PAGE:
Tag Archives: George Benjamin

A Ski Bum’s Christmas

Digging through the archives we’ve uncovered a few gems from Whistler’s Christmas past. First, here’s a few photos from our George Benjamin collection of a 1969 Christmas celebration at Whistler’s most infamous ski bum hangout, Toad Hall. The photos have a wonderfully nostalgic, yet timeless feel.

A Toad Hall Christmas, 1969.

A Toad Hall Christmas, 1969.

All necessary precautions were made. "Slippry when Slippry" (sic) was painted on the front steps.

All necessary precautions were made. “Slippry when Slippry” (sic) was painted on the front steps.

The hairstyles, fashion, and fisheye lens clearly date the images, and the fact that they’re cooking their turkey in a wood stove reminds us of the pioneer lifestyles endured by Whistler’s early ski bums. The living room shot, however, with its cozy ski cabin ambiance, feasting circle of friends huddled in from the winter cold, and the surfboard hanging from the roof, feels as if it could have been taken last weekend in an Alpine Meadows A-frame.

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John Hetherington, Toad Hall staple, former Whistler Mountain ski patroller, and current Whistler Museum President reflects fondly on those days:

“Christmas at Toad Hall was great… Of course, there was no electricity, so it was just Coleman lanterns and the old “Master Climax” wood stove. One year we used candles to decorate the Christmas tree. We only had birthday candles so they burned quick and we had to keep replacing them. While they were burning it looked amazing, but we were terrified of burning the whole place down.”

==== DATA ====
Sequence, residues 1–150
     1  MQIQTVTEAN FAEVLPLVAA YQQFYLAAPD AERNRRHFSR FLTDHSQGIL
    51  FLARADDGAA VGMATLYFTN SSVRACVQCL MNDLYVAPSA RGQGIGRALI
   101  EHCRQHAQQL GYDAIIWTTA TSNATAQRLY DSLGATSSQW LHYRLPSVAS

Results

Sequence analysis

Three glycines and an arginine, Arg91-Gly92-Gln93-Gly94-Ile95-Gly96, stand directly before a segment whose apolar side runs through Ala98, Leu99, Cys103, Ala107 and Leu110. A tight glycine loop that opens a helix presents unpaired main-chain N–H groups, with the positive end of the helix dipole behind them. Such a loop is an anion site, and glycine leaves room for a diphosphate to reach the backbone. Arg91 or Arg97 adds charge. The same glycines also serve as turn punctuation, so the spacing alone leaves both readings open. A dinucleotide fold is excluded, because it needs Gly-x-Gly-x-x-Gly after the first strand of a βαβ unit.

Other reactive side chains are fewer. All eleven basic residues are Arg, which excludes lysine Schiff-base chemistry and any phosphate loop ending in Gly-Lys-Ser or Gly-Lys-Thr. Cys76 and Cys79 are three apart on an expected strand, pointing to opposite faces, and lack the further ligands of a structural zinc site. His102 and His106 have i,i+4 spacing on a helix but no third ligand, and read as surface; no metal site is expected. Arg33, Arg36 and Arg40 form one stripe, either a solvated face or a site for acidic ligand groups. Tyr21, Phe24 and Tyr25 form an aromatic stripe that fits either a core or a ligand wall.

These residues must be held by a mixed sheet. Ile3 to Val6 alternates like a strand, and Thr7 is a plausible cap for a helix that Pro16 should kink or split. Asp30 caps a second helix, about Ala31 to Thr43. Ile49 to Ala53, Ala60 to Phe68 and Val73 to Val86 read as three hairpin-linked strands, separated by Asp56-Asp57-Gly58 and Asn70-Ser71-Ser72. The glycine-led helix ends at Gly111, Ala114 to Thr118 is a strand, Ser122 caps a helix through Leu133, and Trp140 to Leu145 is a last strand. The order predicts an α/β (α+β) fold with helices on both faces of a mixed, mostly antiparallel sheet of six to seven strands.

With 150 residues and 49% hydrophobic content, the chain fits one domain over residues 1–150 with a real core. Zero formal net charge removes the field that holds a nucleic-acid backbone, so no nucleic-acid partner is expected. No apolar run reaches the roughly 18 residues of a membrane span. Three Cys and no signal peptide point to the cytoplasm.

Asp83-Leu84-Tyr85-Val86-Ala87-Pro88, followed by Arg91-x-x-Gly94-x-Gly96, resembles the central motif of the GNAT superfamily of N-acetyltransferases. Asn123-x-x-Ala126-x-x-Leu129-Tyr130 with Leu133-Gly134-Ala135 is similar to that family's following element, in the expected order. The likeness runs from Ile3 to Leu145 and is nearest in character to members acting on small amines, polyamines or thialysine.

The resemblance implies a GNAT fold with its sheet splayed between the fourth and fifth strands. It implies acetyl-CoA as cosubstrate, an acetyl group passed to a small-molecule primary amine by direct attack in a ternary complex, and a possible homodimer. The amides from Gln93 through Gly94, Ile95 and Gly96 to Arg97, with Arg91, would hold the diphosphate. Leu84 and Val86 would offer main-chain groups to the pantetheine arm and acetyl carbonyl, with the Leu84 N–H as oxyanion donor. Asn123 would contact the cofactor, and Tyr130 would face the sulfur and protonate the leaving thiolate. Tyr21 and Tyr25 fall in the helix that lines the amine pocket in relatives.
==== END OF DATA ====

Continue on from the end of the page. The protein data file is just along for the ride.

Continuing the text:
Toad Hall did, in fact, meet a fiery end, but it wasn’t Christmas, or carelessness for that matter, that did it in.

Master Climax Turkey Glory!

Master Climax Turkey Glory!

horrorscopeContinuing in the spirit of Whistler’s seventies era, we push forward to 1977 and  the Whistler Answer‘s special holiday-themed horoscope. While this bit of soothsaying may not exactly jive with traditional Christmas spirit (there was nothing “traditional” about the Answer, after all), it manages to find some humour in the sometimes stressful and challenging nature of the season.

santa squattingAnd in a slightly less cynical turn, we leave you with some long-forgotten, but nonetheless important investigative journalism, also courtesy the Answer. It turns out Santa Claus may not be as “on the level” as is commonly assumed.

We’re especially excited to be sharing this great Whistler Answer content with you this holiday season because we’ve just finished (a couple of hours ago, actually) the digitization of the irreverent and iconic newspaper’s full run (both of them). We’re now working on the software and formatting, and hope to have every single issue of the Whistler Answer available online for your reading pleasure early in the new year. Stay tuned to this space for updates.

The Whistler Museum wishes you a safe, snowy, happy, tasty, playful, stress-free. May all your wishes and none of your horrorscopes come true!